Listen to the Higgs Boson

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Who would have thought that the sound of God would tune on a habanera rhythm?

Researchers say they have "sonified" the data from the Atlas experiment at the Large Hadron Collider (LHC) in Switzerland, making it possible to "hear" the newly discovered Higgs Boson-like particle, dubbed the "God particle" by Nobel-prize winning physicist Leon Lederman.

Click here to listen to the Higgs

The result is a melody which resembles the dotted rhythm of the habanera, a Cuban dance which became popular in Spain in the early 19th century.

On Wednesday July 4, scientists at CERN announced that they had found a Higgs-like particle after analyzing results from the Large Hadron Collider. Researchers detected a "bump" in their data corresponding to a particle weighing in at 126 gigaelectronvolts (GeV), consistent with the Higgs Boson, which is believed to give mass to all other particles.

"As soon as the announcement was made, we begun working on the sonification of the experimental data," Domenico Vicinanza, product manager at Dante (Delivery of Advanced Network Technology to Europe), Cambridge, UK, told Discovery News.

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Vicinanza led the Higgs sonification project collaborating with Mariapaola Sorrentino of ASTRA Project (Cambridge), who contributed to the sonification process, and Giuseppe La Rocca (INFN Catania), who was in charge of  the computing framework.

"Sonification worked by attaching a musical note to each data. So, when you hear the resulting melody you really are hearing the data," Vicinanza said.

The researchers mapped intervals between values in the original data set to interval between notes in the melody. The same numerical value was associated to the same note. As the values increased or decreased, the pitch of the notes grew or diminished accordingly.

"In this way any regularity in the scientific data can be naturally mapped to the melody: if the data are periodic (they are marked by a repeated cycle) the sonification will be a music melody which will have the same periodicity and regularity," Vicinanza said.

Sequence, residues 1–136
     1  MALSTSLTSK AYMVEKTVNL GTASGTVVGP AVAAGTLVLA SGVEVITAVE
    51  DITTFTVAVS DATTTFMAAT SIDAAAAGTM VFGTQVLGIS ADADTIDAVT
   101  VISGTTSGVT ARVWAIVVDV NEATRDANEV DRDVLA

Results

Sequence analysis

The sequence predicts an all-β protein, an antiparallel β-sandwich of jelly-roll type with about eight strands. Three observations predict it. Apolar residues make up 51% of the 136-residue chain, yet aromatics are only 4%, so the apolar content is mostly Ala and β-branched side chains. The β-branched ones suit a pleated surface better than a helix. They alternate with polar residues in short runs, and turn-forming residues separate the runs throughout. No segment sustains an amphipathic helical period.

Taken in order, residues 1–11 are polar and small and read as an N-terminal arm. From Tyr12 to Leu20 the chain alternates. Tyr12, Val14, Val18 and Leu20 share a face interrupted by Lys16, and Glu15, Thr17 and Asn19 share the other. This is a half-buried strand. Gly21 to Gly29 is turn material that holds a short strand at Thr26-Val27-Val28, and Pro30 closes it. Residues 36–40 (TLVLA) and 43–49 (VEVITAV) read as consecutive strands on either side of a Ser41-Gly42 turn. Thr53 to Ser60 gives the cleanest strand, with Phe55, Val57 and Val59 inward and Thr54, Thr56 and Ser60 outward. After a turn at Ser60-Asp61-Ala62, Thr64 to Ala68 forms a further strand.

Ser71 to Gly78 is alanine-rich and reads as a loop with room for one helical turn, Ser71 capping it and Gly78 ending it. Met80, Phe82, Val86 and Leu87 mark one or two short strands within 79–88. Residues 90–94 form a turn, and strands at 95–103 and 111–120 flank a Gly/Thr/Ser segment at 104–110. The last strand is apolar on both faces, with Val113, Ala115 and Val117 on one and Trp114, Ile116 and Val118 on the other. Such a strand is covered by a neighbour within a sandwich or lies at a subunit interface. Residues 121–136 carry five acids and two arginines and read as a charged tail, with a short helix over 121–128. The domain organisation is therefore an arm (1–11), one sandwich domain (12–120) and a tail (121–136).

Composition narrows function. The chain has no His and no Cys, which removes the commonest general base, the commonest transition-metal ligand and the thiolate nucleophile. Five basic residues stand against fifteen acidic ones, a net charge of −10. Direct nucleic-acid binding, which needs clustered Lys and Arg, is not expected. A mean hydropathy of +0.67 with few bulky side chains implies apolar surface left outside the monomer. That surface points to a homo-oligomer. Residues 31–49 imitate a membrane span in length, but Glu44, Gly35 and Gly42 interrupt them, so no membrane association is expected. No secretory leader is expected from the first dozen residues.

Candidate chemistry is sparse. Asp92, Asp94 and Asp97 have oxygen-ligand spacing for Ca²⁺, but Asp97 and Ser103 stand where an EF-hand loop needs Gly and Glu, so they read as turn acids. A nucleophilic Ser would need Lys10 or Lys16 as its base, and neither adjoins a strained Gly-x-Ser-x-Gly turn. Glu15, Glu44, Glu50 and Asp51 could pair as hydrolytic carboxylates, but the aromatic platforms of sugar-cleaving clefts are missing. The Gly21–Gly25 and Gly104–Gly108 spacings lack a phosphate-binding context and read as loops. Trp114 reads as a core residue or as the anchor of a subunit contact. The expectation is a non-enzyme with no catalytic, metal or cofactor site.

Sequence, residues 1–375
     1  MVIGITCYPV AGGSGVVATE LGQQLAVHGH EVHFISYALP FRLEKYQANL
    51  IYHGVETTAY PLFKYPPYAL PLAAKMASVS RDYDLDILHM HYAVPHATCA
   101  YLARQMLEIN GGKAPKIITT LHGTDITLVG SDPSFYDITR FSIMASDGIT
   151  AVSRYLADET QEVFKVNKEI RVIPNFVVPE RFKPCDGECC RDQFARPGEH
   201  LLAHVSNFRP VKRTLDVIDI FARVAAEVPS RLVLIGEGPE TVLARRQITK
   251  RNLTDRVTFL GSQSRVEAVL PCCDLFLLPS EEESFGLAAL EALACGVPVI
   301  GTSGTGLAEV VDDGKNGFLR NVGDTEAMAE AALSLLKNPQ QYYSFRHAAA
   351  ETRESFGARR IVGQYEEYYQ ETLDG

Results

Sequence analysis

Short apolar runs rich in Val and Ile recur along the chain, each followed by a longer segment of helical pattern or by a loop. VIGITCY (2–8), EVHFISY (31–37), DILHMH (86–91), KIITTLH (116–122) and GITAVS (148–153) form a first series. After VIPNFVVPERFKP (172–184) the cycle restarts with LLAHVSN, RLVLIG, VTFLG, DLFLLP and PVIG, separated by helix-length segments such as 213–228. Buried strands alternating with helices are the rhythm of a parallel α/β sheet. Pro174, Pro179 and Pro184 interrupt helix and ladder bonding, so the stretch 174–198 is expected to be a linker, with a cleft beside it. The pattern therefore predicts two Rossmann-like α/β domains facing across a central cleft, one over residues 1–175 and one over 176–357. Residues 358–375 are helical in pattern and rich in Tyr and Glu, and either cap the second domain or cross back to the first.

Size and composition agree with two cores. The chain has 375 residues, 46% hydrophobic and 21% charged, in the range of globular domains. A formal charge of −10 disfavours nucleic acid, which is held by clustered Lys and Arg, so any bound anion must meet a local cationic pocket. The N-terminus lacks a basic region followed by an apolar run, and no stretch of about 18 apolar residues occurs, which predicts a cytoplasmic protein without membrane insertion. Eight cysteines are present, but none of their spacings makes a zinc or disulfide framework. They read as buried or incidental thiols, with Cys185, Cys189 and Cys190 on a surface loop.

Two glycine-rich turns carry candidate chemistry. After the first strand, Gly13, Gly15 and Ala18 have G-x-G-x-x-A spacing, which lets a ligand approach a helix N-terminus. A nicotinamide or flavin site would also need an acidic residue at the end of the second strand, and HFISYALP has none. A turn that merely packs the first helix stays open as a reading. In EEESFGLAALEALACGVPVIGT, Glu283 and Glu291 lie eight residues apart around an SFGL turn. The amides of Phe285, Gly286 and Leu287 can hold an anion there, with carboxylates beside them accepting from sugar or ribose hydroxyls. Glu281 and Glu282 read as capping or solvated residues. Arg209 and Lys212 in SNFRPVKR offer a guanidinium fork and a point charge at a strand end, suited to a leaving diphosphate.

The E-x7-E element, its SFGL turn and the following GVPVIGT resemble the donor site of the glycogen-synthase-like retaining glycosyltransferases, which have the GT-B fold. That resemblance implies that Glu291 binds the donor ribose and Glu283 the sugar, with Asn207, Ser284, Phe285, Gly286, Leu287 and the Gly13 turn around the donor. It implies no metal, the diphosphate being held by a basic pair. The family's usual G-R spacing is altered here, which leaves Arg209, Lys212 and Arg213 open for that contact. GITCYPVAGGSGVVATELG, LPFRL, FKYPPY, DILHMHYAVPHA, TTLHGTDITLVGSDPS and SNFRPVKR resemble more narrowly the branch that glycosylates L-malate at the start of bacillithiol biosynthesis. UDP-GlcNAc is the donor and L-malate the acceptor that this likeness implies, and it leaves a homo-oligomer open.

In the sonification, each semiquaver corresponded to an increase of 5 gigaelectronvolts (GeV). The detection of  the Higgs-like particle around the 126 gigaelectronvolt mass-energy range (GeV), was then expressed by a peak made of three high notes (about 3.5 seconds into the recording).

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The bump corresponding to the new particle is represented by an F note which is two octaves above the preceding F note, a C which is the most acute note in the music (also two octaves above the subsequent C note) representing the peak of the Higgs, and a E note.

"The discovery of the Higgs-like particle is a major step forward in our knowledge of the world around us. By using sonification we are able to make this breakthrough easier to understand by the general public," Vicinanza said.

Amazingly, the sonification produced a habanera-like music.

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"After hearing the piano solo version, I created another version, more in tone with the resulting melody. I added bass, percussion, marimba and xylophone," Vicinanza said.

Particularly useful when dealing with complex, high-dimensional data, sonification requires enormous amounts of networking and processing power to produce results. To create the Higgs melody, the researchers relied on high-speed research networks including the pan-European GÉANT network, which operates at speed of up to 40Gbps (it will become 100Gb/s by early 2013) and the EGI grid computing infrastructure, which works by linking together multiple computers in different locations via high speed networks.

"Neither the discovery of the particle or this sonification process would have been possible without the high speed research networks that connect scientists across the world, enabling them to collaborate, analyze data and share their results," Vicinanza said.

Photo: Score of the sonification. The bump corresponding to the new particle is represented by a F note which is two octaves above the preceding F note, a C which is the most acute note in the music, representing the peak of the Higgs, and a E note. Credit: Domenico Vicinanza